Honeybees have it hard as it is, but when all else fails, they’re supposed to be able to rely on America’s last major honeybee refuge in the Northern Great Plains, particularly those found in both North and South Dakota.
But a federally-funded study led by Clint Otto of the U.S. Geological Survey shows that even this alleged “refuge” isn’t doing honeybees sufficient justice. The findings appear in the journal Proceedings of the National Academy of Sciences.
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As the paper points out, honeybees throughout the region are experiencing more difficulty than ever while trying to locate nectar and pollen from surrounding areas.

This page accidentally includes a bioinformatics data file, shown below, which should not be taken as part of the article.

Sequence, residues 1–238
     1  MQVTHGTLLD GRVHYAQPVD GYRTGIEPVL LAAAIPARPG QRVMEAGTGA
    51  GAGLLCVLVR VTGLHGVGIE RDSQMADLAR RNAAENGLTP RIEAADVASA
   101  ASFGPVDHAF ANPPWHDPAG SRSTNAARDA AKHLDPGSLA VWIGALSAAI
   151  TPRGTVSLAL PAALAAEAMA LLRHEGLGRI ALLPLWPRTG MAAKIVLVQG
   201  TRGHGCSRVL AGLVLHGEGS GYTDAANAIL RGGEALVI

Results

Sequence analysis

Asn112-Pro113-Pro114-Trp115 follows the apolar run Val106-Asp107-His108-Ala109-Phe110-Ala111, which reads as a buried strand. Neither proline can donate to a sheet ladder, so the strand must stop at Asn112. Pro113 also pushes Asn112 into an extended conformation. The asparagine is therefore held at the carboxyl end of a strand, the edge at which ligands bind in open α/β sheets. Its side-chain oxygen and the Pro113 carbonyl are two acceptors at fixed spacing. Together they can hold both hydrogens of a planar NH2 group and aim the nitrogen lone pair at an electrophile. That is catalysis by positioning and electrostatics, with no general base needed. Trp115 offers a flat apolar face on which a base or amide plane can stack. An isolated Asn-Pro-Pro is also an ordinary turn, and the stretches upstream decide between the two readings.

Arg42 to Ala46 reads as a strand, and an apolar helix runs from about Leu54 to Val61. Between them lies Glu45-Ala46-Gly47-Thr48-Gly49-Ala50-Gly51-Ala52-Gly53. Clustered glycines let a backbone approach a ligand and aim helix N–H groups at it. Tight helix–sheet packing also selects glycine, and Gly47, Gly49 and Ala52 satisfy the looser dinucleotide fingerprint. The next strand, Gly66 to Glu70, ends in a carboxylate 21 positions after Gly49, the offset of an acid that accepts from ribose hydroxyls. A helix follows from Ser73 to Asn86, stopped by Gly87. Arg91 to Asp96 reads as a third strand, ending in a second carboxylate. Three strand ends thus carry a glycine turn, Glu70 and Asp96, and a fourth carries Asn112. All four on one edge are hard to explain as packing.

From 2006 to 2016, much of the surrounding land was transformed from wildflower-rich acreages into agriculturally-complex croplands, which are comprised of corn and soybean.
Many honeybees once relied on these wildflower patches to support their colonies, especially during the winter. Unfortunately, the now agriculturally-developed lands don’t provide the resources they need, and conservationists are rightfully concerned.
With honeybees being responsible for pollinating around 90 percent of North America’s flowering crops, any threat that impacts the insects’ ability to thrive translates to a direct threat on various flowering plants; many of which provide food for people.
The researchers warn about the possible implications that come with an unsustainable honeybee population, and it doesn’t look pretty.
Obviously, something needs to be done as quickly as possible in support of these valuable insects to prevent them from becoming extinct.